If the symptoms are only mild or are inproving, either no or only a conservative treatment is necessary. Expectant treatment is based on the experience that the majority of anal haematomas soon become painless and are usually absorbed without incident. Conservative treatment is designed to assist this process. It is an advantage if the patient can be confined to bed or be laid up for the greater part of the day for two or three days when the pain is severe, but this is sometimes not practicable for economic reasons. Frequent hot baths will be found very soothing, and analgesics may be prescribed as required. Stool motions should be kept soft by mild laxatives. We recommend first Sitz- or hot bath with, for example Kamillosan, Mesazalin suppositories (eg Claversal, Colofac), systemic administration of a flavonoid (eg Daflon, Antistax), a non-steroidal anti-inflammatory drug (eg Ibuprofen) or the local application of a heparin cream (eg Hirudoid, Vetren), possibly a corticosteroid (eg Scheriproct) or a superficially effective lidocaine (eg xylocaine gel) reduce the pain after 2 to 3 days.

Within three or four days the more severe pain usually subsides, the patient may then be able to return to non-strenuous work which does not involve prolonged sitting. Rarely, the discomfort may persist unabated or may be so severe when the patient first presents that he is unwilling to accept conservative treatment. In either event operation will be required. Since they are not prolapsed hemorrhoidal nodules, a manual retraction is pointless and therefore not indicated. Rarely, thrombosis can evolve in permanent fibrotic skin tags.
For very painful anal haematomas, an operative procedure is justified. There are two approaches: First, the incision and expression of the thrombus, possibly with the creation of a drainage area, and second, the excision of the entire thrombus area with the removal of the affected vessel segment. The excision minimizes the risk of postoperative rethrombosis. Both procedures are possible in local anesthesia in the outpatient department. The wound pain is usually less than the thrombosis caused by stretching or pressure pain. The later the patient presents, the less likely the indication becomes surgery. The wounds are not sewn up and left to secondary healing.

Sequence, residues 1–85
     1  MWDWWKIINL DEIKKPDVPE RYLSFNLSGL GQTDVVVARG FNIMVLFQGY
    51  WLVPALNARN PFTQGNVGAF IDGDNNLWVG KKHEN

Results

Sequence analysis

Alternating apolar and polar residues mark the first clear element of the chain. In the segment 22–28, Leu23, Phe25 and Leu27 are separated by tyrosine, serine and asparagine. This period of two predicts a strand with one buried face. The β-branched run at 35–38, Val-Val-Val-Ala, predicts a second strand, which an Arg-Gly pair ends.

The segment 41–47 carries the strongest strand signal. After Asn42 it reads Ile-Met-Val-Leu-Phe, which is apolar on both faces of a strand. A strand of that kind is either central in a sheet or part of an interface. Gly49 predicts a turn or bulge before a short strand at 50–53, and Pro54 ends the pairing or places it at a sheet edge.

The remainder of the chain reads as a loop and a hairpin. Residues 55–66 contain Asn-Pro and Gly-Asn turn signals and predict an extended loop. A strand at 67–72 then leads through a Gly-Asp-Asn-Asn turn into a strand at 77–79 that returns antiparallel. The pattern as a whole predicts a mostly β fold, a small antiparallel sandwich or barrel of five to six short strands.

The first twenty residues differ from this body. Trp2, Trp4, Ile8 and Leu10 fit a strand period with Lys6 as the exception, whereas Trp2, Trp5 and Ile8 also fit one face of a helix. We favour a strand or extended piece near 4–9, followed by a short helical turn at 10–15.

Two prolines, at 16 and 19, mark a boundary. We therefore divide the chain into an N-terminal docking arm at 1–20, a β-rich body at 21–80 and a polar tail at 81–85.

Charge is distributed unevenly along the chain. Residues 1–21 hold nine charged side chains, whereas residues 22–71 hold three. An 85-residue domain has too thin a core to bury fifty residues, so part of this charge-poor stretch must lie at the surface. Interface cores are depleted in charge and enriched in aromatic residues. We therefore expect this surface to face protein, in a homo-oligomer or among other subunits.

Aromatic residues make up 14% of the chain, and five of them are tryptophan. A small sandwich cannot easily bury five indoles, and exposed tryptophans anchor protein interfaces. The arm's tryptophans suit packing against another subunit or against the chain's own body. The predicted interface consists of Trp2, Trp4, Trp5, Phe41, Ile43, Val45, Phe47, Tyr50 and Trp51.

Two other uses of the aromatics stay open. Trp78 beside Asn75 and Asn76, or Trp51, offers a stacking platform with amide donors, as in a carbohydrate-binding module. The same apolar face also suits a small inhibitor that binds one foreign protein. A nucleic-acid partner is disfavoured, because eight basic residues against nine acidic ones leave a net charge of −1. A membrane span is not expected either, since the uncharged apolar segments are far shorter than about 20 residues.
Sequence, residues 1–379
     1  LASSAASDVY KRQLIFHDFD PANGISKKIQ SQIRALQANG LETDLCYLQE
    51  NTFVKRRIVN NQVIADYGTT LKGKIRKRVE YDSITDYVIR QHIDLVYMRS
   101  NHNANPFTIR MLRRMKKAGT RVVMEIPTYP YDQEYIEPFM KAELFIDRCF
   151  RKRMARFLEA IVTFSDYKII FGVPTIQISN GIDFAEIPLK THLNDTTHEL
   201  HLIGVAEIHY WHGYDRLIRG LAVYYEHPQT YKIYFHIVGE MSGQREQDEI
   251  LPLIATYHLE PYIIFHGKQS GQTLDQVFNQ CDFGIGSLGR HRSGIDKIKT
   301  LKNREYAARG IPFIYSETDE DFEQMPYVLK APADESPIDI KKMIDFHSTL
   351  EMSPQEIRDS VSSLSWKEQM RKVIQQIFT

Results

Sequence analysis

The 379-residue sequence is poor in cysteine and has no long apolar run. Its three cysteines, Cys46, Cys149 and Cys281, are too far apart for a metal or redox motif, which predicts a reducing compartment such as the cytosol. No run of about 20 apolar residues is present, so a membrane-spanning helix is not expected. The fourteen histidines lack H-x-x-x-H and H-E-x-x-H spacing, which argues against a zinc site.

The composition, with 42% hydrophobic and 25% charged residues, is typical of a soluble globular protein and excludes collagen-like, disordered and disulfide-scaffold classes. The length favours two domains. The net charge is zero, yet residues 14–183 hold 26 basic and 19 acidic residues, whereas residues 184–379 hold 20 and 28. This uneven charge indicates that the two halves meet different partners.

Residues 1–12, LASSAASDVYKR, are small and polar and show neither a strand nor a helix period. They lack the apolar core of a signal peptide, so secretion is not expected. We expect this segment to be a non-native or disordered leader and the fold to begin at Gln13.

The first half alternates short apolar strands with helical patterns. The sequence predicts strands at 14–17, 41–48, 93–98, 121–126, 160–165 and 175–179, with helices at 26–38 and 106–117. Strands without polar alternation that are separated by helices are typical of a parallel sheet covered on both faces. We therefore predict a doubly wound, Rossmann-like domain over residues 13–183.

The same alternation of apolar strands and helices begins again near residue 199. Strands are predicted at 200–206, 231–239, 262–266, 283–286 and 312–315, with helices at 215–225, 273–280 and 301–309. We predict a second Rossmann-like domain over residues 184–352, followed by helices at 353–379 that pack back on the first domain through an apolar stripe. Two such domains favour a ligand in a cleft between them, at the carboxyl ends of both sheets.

Complications

Complications are extremely rare in the literature as bleeding, inflammation and anal fissure, anal stenosis and continence problems are reported as below 1%. Only one urinary retention, especially in elderly patients, can occur in 10%, whereby a significant reduction of this postoperative complication can be achieved by a restrictive perioperative fluid intake.
Decisive for treatment results are careful patient selection as well as adequately performed surgical technique with maximum protection of the anal sphincter and anoderm and thus the continence performance.

Reccurence prevention

Postoperatively after healing, a sigmoidoscopy and an optional barronligatur of the residual hemorrhoids should be performed

Complications

The complications reported in the literature are bleeding, inflammation and anal fissure, anal stenosis and continence problems below 3%. Only one urinary retention, especially in elderly patients, can occur in 10%, whereby a significant reduction of this postoperative complication can be achieved by a restrictive perioperative fluid intake.
Decisive for treatment results are careful patient selection as well as adequately performed surgical technique with maximum protection of the anal sphincter and anoderm and thus the continence performance.

Thrombosed External Piles
Rate this post

Leave a Reply

Your email address will not be published. Required fields are marked *